Supplemental Oxygen During Childbirth May Not Be of Value to Babies

By Megan Brooks

January 07, 2021

NEW YORK (Reuters Health) - There appears to be no benefit to providing supplemental oxygen to women during labor and delivery, according to a large meta-analysis.

"The results of this meta-analysis suggest that giving moms oxygen in response to the baby's heart rate may not be helpful and prolonged administration (for hours) should be avoided," Dr. Nandini Raghuraman of Washington University in St. Louis, Missouri, told Reuters Health by email.

"This analysis was prompted by mixed evidence for the use of oxygen in labor. Some studies showed benefit, others showed no benefit, and some even suggested this practice was harmful," she said.

The meta-analysis included 16 randomized clinical trials that compared the association of peripartum maternal oxygen administration with room air on umbilical artery (UA) gas measures and neonatal outcomes, with a total of 1,078 women in the oxygen group and 974 in the room-air group.

Compared with room air, maternal oxygen supplementation increased UA PaO2 significantly (weighted mean difference, 2.57 mm Hg) but did not influence UA pH (weighted mean difference, 0.00).

"The UA pH remained similar between the oxygen and room air groups even after accounting for risk of bias, use of low-flow devices, or FIO2 less than 60%," the researchers report. They also saw no significant between-group differences in other UA gas measures, rates of neonatal intensive-care unit admission, and Apgar scores.

"Although we looked at important outcomes such as the baby's pH, which tell us how much oxygen was getting to the baby, we did not have enough published research that looked at other relevant neonatal outcomes that are important for things like neurodevelopment," Dr. Raghuraman told Reuters Health by email.

"The studies we included in this analysis were also heterogeneous, meaning they were all designed differently and included different patient populations that may or may not benefit from oxygen," she noted.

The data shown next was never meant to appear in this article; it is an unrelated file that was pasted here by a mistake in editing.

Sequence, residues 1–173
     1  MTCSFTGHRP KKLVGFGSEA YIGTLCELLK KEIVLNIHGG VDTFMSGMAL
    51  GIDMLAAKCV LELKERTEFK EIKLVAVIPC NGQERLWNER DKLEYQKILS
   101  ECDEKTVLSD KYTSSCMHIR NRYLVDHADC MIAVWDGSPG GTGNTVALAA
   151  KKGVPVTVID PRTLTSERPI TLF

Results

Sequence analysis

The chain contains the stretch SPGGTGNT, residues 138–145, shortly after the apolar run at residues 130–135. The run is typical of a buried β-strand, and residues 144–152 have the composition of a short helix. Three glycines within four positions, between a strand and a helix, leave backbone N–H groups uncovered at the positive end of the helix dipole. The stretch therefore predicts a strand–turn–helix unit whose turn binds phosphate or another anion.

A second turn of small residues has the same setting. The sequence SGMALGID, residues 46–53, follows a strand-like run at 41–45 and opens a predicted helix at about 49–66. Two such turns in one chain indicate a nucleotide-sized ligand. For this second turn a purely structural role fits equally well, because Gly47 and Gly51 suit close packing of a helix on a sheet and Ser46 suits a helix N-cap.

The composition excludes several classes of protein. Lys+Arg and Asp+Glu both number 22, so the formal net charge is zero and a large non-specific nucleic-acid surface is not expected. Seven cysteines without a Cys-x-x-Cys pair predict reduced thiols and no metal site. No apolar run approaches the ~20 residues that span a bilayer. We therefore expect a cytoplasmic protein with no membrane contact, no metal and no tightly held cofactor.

"Oxygen is widely used so in order to de-implement it or remove it from current clinical practice we will need more research looking at the right patient population and more neonatal outcomes," she concluded.

"In the interim, prolonged oxygen use should be limited given lack of proven benefit and potential risk of harm. Future studies should also assess the optimal dose, duration, and route of peripartum oxygen administration," the authors conclude in their paper in JAMA Pediatrics.

The authors of a linked editorial say this "much-needed" review, coupled with lack of biologic plausibility of the benefits and an absence of data demonstrating any favorable impact "put the onus on advocates of maternal oxygen therapy to provide evidence of clinical benefit before claims of benefit."

"While maternal oxygen administration to the normally oxygenated mother in labor is likely as innocuous as it is useless, concern for the practice of evidence-based medicine would seem to suggest that recommendations for its use in 2 million to 3 million women annually may be inappropriate," Dr. Mohann Pammi from Texas Children's Hospital in Houston and co-authors say.

Weighing in on the results for Reuters Health, Dr. Elizabeth Greenstein Clement, Assistant Professor of Clinical Obstetrics and Gynecology at the Hospital of the University of Pennsylvania, said "Many women who have delivered at a hospital in the last few decades will recall their doctors and nurses giving them an oxygen mask during labor because of how the fetal heart tracing looked on the monitor."

"The thought was that by increasing oxygen to the mom, perhaps there would be improved oxygen to the baby in labor and that this could improve outcomes for the baby. This meta-analysis argues that there is no benefit to this established practice," Dr. Clement said by email.

"I think this paper is useful because oxygen in labor for potential fetal benefit is a widespread practice (endorsed by ACOG), and this can allow us to reevaluate if this is has any benefit. There still will be situations when oxygen in labor is beneficial, for example if the pregnant patient has low oxygen saturation," Dr. Clement said.

"This study is particularly relevant in the era of COVID, given some concern that giving supplemental oxygen could spread COVID around a room if a pregnant patient were COVID-positive, so knowing that there isn't a proven benefit may allow clinicians to feel more comfortable avoiding this longstanding practice," Dr. Clement added.

SOURCE: http://bit.ly/394j3ms and http://bit.ly/3neq7BN JAMA Pediatrics, online January 4, 2021.

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